With the stock trading at 6.7x enterprise value to earnings before interest, taxes, depreciation and amortization (EV/EBITDA), we believe the market isn’t fully valuing the company’s operating leverage and is too pessimistic on steel prices.
Chipping in. The Fund’s Information Technology names were up moderately on an absolute basis but lagged the benchmark. Our bottom-up research continues to uncover attractive opportunities in the space. For example, we initiated a position in chip maker Exar Corp. (EXAR).
The company has been actively reducing supply chain costs and has shifted its product mix to higher margin offerings. We also were attracted to its pipeline of new products that should boost top-line growth in the coming quarters. Weeks after we started accumulating shares, the company announced it had agreed to be acquired by a competitor at a significant premium. We exited our position on the news.
While we anticipate regulatory relief and Washington’s focus on improving the domestic business climate will be a tailwind for the economy, we are avoiding companies that could be adversely impacted by rising inflation. Instead, we are focused on beneficiaries of rising raw material prices. Inflation has been building for the past several months and, as illustrated in the chart, began to outpace market expectations in December. Companies that lack pricing power or which rely on commodities in production of goods could face margin pressure in the quarters ahead.
Cost Increases Outpacing Expectations
Citi Global Inflation Surprise Index
Source: Bloomberg L.P., 1/31/2004 to 3/31/2017
Businesses with opportunities to reduce costs and improve margins through internally focused efforts should be able to capitalize on operating leverage in an expanding economy or modestly grow earnings should sales remain flat.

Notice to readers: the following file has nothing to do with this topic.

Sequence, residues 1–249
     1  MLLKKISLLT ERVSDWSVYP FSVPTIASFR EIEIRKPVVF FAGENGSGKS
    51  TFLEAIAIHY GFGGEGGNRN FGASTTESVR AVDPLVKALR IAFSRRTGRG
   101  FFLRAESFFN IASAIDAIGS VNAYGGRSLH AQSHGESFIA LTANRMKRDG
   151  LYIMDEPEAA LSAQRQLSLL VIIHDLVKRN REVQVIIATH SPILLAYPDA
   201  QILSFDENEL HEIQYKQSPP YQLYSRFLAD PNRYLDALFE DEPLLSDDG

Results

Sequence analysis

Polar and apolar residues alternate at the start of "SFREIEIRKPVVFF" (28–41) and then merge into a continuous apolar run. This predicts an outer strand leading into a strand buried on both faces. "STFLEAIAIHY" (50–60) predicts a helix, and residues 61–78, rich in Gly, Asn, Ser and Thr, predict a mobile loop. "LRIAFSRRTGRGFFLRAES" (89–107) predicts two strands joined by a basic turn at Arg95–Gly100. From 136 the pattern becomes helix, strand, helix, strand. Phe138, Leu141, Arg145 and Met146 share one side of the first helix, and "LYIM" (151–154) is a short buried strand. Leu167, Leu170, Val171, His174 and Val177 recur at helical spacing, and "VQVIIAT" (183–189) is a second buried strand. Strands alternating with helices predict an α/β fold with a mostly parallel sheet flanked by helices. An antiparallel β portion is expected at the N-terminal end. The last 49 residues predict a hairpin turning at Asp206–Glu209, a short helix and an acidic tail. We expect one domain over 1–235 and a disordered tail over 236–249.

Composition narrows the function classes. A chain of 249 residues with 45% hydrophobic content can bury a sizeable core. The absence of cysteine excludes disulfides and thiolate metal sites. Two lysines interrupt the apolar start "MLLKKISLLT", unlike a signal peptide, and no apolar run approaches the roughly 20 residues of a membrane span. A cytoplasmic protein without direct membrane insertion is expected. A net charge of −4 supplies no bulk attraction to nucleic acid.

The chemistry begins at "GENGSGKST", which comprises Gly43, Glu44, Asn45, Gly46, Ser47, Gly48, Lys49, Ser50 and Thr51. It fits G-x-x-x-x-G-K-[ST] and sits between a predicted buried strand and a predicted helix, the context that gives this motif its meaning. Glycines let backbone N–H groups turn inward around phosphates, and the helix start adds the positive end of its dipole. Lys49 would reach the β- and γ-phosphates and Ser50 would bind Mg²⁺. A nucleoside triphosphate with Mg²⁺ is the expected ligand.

We’ve trimmed some holdings on recent strength and redeployed assets into more attractively valued businesses in various industries. The result is a compact portfolio of approximately 50 names with more than one-quarter of assets held in the 10 largest positions.
Outlook and Positioning
We believe a renewed interest on valuations and earnings prospects will be closely tied to improved clarity for the economy and the geopolitical backdrop. If the administration in Washington is able to deliver on expected regulatory relief, a second leg up for the business climate should materialize.
The strong run for equities and the length of the bull market has led some investors to question whether valuations have gotten ahead of themselves. The market as a whole appears fully valued; however, as bottom-up investors we are focused on the valuations and business prospects of individual names we hold as opposed to the P/E of a broad index.
Additionally, we want to invest in businesses that have strong balance sheets and that employ solid capital allocation strategies. Companies that can drive operational improvements regardless of the macro backdrop should produce solid results in multiple environments and be recognized by the markets as catalysts occur.
Thank you for the opportunity to manage your capital.